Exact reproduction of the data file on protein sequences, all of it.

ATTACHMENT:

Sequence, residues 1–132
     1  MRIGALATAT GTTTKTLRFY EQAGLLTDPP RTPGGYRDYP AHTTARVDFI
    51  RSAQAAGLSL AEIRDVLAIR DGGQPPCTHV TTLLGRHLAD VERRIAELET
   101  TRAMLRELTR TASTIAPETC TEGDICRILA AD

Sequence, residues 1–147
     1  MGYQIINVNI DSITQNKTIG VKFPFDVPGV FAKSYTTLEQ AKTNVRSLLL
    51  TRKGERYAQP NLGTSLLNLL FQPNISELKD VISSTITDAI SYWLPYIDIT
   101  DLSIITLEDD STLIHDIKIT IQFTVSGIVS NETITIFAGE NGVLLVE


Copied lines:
Sequence, residues 1–132
     1  MRIGALATAT GTTTKTLRFY EQAGLLTDPP RTPGGYRDYP AHTTARVDFI
    51  RSAQAAGLSL AEIRDVLAIR DGGQPPCTHV TTLLGRHLAD VERRIAELET
   101  TRAMLRELTR TASTIAPETC TEGDICRILA AD

Sequence, residues 1–147
     1  MGYQIINVNI DSITQNKTIG VKFPFDVPGV FAKSYTTLEQ AKTNVRSLLL
    51  TRKGERYAQP NLGTSLLNLL FQPNISELKD VISSTITDAI SYWLPYIDIT
   101  DLSIITLEDD STLIHDIKIT IQFTVSGIVS NETITIFAGE NGVLLVE